Worm vs Hypoid Efficiency
Regarding worm gear sets, they don’t operate at peak efﬁciency until a specific “break-in” period has occurred. Worms are usually made of metal, with the worm gear being made of bronze. Since bronze can be a softer metal it is good at absorbing weighty shock loads but does not operate efficiently until it has been work-hardened. The warmth produced from the friction of regular working conditions really helps to harden the top of worm gear.
With hypoid gear pieces, there is absolutely no “break-in” period; they are typically made from metal which has already been carbonitride warmth treated. This allows the drive to operate at peak efﬁciency from the moment it is installed.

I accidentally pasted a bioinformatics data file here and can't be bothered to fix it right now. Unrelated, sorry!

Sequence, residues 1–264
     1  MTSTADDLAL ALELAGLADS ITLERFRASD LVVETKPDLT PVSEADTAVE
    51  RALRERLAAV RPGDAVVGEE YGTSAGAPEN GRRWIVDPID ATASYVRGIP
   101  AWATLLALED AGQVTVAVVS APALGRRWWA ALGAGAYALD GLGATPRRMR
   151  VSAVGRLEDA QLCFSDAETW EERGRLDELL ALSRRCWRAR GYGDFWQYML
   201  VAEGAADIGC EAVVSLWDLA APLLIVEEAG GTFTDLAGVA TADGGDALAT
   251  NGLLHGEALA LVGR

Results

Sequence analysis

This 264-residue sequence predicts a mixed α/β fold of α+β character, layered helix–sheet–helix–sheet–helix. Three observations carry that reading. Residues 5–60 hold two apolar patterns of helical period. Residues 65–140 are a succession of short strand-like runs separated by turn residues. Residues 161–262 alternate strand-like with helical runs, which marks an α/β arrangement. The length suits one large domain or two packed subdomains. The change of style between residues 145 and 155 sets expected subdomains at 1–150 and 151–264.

How come Efficiency Important?
Efﬁciency is one of the most Gearbox Worm Drive Important factors to consider when choosing a gearmotor. Since the majority of have a very long service life, choosing a high-efﬁciency reducer will minimize costs related to procedure and maintenance for years to come. Additionally, a more efﬁcient reducer allows for better reduction capacity and usage of a motor that
consumes less electrical energy. One stage worm reducers are usually limited by ratios of 5:1 to 60:1, while hypoid gears possess a decrease potential of 5:1 up to 120:1. Typically, hypoid gears themselves only go up to decrease ratios of 10:1, and the excess reduction is supplied by a different type of gearing, such as for example helical.